I’ve been thinking a lot about cars the past few days. How they control—and often threaten—our lives. These reflections have been rekindled, in large part, because a colleague and friend was badly injured in car accident a week ago. I don’t know the details of the incident and am relieved to hear she is recovering, but it will be a long, slow, healing process, and her life has been significantly altered by this violent event.

A week before that, walking my dog home from the video store at night, I was nearly bowled over by a driver in an SUV who didn’t see me as she accelerated left into the pedestrian crossing … because she had turned her head in the opposite direction to talk to her passenger! She braked a foot away from me (and would have crushed poor Bo if she hadn’t) after I thrust out my hand and started shouting. (My shouting—laced with words I won’t reprint here—continued as I leaned toward her windshield and shared my opinion of her driving skills.) Since then, I’ve been even more hyper-vigilant of careless drivers on my walk to and from daycare, often with my son dawdling behind me on his bike, with vehicles whizzing past on the road beside the sidewalk.

I haven’t owned a car in a decade. However, I’m not sure when my antagonistic relationship with the internal-combustion engine began. I never had that “car gene” that other North American boys seem to be born with. But I didn’t hate them either—certainly not growing up in the suburbs of Ottawa, where you often needed to be driven around to get anywhere, where getting your license remains one of the last rites of passage into adulthood. (Trust me: getting to vote doesn’t count for an 18-year-old.)

It was only on the kibbutz, I suppose, that I first experienced the pleasures of a largely car-free community. While we were taken by bus on volunteer trips and in the back of old Toyota trucks to work the fields, I rarely rode in a car while living in Israel. I didn’t miss it. And I learned to appreciate a community design in which motorized vehicles (aside from the occasional golf cart) were second-class citizens, shunted to the margins of the encircling ring road, and pedestrians ruled the laneways. You could walk everywhere, at any time, and not worry about doing a shoulder check or dodging hasty drivers.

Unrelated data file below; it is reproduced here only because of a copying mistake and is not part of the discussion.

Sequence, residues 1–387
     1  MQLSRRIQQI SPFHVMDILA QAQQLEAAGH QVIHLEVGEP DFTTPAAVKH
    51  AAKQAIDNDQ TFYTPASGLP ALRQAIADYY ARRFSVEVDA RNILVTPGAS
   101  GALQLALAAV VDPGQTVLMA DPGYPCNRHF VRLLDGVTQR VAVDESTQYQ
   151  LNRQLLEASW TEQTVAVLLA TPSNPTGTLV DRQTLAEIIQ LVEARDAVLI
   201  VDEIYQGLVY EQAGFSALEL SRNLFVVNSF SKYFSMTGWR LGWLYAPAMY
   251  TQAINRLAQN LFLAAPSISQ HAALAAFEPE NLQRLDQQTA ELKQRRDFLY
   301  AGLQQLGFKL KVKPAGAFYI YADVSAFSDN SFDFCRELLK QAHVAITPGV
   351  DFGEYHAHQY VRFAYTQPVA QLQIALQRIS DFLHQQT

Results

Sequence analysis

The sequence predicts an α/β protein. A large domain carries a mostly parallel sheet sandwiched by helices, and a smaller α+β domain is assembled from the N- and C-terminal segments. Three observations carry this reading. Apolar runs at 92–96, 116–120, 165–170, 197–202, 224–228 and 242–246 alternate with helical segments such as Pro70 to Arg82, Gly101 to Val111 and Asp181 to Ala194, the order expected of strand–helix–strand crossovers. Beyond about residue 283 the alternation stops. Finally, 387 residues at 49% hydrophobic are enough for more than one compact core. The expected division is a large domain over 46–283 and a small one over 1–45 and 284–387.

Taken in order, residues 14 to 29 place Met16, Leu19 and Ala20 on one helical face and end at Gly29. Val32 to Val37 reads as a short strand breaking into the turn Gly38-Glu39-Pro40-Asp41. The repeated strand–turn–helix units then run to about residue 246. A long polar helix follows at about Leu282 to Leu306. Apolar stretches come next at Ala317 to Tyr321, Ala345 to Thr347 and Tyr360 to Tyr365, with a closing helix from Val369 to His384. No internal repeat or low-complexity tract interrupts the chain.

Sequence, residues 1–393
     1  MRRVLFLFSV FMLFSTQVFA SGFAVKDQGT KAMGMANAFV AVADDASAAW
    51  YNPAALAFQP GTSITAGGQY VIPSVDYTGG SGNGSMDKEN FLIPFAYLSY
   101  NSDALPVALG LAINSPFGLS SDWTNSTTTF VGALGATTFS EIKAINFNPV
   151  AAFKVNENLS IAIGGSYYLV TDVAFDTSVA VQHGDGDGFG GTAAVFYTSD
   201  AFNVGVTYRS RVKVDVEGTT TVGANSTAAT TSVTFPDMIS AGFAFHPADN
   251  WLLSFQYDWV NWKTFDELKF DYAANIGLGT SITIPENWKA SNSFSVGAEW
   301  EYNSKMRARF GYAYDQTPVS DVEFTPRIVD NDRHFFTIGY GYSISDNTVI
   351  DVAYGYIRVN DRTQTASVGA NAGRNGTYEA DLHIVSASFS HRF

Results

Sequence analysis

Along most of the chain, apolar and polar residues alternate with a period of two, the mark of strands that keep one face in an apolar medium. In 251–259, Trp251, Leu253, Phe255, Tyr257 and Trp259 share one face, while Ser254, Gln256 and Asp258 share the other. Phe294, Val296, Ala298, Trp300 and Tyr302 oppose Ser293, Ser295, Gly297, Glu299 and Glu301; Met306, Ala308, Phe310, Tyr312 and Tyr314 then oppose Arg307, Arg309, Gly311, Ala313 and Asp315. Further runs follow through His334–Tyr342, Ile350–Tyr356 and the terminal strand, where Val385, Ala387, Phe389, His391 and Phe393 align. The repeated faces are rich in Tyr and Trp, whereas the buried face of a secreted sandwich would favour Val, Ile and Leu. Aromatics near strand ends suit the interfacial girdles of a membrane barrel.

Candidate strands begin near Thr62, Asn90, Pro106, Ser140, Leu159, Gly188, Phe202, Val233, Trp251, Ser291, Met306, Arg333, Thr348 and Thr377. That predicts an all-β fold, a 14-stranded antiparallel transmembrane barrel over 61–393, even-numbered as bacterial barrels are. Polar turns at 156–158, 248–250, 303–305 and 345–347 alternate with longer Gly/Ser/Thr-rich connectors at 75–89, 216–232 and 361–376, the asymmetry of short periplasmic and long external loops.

There were, quite simply, few cars in this community. They were all collectively owned and generally reserved for important kibbutz business, not for cruising around or short-hop shopping trips or dragging the kids from school to soccer to play dates—all those activities occurred instead within the barbed-wire enclosure of the kibbutz, in walking or cycling distance. And in that way, you bumped into friends and neighbours and other community members, as you wandered the grounds of the kibbutz and went about your business.

Some of that has changed in the 21st-century privatized kibbutz. People have bought their own cars, so they’re not reliant on using the communally owned vehicles. They have joined the swarm of traffic that chokes the urban streets and nation-crossing highways of this densely populated country. And yet many of these communities have retained a fleet of collective cars and trucks, with high-tech booking systems, that would be the envy of embryonic “car share” operations (like the Victoria Car Share Co-op, which I belong to) in North America. Not owning a car is still not a problem. Being “car-free” is certainly not viewed as the social aberration that it is here in Canada. (I worry that people must think I don’t drive because I lost my license to a DUI or something.)
Aerial view of Kibbutz Urim
The “needs” of automobiles have started to affect how kibbutzim are redesigned in small ways. I noticed more internal roads and parking lots in the centre of Kibbutz Shamir than I remember from 20 years ago. On Kibbutz Urim, near the Gaza Strip, cars remain on the periphery, except now, because the kibbutz runs a licensed daycare for both members and outsiders, authorities are demanding that the community conform to safety regulations and widen the narrow internal lanes so that emergency vehicles can more easily access the daycare. Many of the new neighbourhoods being erected, and then marketed to non-members as suburban getaways, feature North American-style single-family dwellings, with long driveways so you can park your car mere steps from your front door. (In North America, the notion that you might have to take more than 10 paces from your Ford to your foyer borders on insanity.)
Still, most people still get around their kibbutz homes by foot, bike, scooter or the proliferation of electric golf-carts (no longer just used by pensioners or the infirm). In this way, the kibbutz remains an ideal to me of a human-scale “eco-topia”—a place where you can live without the buzz and threat of cars, where all the amenities have been designed with the walker not the driver in mind, where the only collisions that occur are the serendipitous intersections of friends and neighbours amid the network of pedestrian pathways, where children can roam free and explore, in nature, away from the menace of the infernal combustion engine. Where the car is no longer king of the road.